The Great Lakes Region The Great Lakes Region was very important to French domination of the interior of North America. This area allowed for freedom of travel on the various waterways and tremendous trading opportunities. The fur trade became the most profitable trade for France during this time period. Furs were traded with Native Americans for French goods like pots, guns, tools, and other man made items. Double click on the beaver above to launch a video about Lake Huron and its importance to the French Fur Trade. Did you know that the first European to step foot in Wisconsin was the French explorer, Jean Nicolet in 1634.
French and Indian War (Guerre de la Conquête) So, right now you may be wondering if someone named Pierre may have been passing through where you are sitting today. The answer is…well…maybe. Then why are we not speaking French? France and Great Britain were involved in a world war known as the Seven Years War. Here in North America, French forces and their Native American allies fought against the British and their Native American allies as well (this part of the war that took place in North America is called the French and Indian War). Though the French fought bravely, they were outnumbered and cut off from support later in the war. Eventually, the British won the conflict in 1763 and dictated the treaty’s terms. France would lose all of its territory in North America (parts of present day U.S. and Canada)to the British and Spanish. However, this is not the end for French control in North America. Their power would resurge again and it would have a great outcome for the United States.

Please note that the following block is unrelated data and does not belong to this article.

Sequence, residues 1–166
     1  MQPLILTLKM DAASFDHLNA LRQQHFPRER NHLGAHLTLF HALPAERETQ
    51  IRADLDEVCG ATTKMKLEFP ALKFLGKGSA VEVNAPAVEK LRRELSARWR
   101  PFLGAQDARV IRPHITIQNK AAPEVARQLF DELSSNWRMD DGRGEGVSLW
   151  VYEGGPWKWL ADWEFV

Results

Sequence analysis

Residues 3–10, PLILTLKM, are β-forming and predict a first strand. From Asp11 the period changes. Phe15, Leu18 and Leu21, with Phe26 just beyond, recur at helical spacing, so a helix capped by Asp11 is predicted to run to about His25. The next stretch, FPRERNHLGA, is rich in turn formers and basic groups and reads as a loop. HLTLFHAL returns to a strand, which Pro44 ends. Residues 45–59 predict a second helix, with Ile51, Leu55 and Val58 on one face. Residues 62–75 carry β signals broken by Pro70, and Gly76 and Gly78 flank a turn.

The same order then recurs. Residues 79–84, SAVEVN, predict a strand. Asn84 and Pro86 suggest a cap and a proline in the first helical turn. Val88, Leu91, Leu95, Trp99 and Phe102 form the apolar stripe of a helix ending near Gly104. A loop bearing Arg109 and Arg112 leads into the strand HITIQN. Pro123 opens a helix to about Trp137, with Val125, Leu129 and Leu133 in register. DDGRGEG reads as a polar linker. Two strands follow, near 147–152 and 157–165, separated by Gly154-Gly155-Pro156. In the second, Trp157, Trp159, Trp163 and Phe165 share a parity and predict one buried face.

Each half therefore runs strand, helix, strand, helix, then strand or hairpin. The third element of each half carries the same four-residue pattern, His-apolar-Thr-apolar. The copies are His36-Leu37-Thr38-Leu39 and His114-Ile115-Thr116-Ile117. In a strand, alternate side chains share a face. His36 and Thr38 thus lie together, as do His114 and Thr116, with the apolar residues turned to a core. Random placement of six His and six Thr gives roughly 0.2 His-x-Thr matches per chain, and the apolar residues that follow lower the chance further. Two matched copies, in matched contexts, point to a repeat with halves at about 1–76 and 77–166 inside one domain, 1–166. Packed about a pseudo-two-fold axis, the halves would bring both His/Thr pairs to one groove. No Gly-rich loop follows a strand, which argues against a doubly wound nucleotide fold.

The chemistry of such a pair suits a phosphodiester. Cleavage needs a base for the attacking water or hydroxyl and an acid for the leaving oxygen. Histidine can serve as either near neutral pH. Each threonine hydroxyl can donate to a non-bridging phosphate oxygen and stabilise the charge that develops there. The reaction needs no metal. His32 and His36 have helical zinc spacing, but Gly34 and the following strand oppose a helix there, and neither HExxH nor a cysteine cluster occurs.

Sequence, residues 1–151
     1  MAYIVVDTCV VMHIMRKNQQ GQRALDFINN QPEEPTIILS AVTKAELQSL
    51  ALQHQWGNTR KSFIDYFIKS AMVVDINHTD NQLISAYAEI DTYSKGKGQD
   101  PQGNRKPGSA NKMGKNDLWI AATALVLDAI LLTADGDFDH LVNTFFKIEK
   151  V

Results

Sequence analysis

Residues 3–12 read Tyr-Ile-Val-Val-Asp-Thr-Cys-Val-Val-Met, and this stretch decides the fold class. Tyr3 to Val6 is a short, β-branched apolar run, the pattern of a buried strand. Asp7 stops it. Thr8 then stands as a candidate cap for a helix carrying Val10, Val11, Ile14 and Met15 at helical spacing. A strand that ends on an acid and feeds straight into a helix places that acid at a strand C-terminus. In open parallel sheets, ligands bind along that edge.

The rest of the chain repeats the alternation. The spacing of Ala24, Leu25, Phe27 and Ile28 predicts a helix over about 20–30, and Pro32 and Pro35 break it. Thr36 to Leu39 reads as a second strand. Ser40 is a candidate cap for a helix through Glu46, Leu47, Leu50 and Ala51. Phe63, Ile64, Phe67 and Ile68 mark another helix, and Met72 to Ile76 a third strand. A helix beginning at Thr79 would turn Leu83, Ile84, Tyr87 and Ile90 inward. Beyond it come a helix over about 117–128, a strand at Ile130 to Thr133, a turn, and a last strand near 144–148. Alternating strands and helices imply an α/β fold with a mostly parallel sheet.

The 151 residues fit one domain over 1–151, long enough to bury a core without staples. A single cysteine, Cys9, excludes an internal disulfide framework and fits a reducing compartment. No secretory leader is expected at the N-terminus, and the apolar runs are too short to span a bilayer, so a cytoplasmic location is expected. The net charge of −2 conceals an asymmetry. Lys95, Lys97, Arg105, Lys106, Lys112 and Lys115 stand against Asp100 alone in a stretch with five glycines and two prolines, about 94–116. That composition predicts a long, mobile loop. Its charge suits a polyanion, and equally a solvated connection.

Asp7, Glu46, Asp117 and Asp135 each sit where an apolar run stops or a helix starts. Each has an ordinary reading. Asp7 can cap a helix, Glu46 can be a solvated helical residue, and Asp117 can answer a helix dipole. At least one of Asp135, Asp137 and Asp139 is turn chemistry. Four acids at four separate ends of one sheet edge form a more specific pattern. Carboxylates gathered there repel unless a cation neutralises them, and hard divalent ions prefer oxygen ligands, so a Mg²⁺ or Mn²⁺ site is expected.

Marquis de Lafayette Lafayette Fast Facts 1. Came to help the American Patriots fight the British. 2. Was wounded in battle against the British at Brandywine. 3. Returned to help convince more Frenchmen to come help. 4. Was one of Washington’s most trusted officers and friends. I was chosen by Washington to accept the British surrender at Yorktown. This was the last battle of the Revolution Double click on the picture above to view a video about Lafayette’s involvement in the Revolution and his personal friendship with Washington.
The Louisiana Purchase’s Legacy The purchase of this territory from France in 1803, effectively doubled the size of the United States. Fourteen (green)current states have land that once came from the largest land purchase in U.S. history.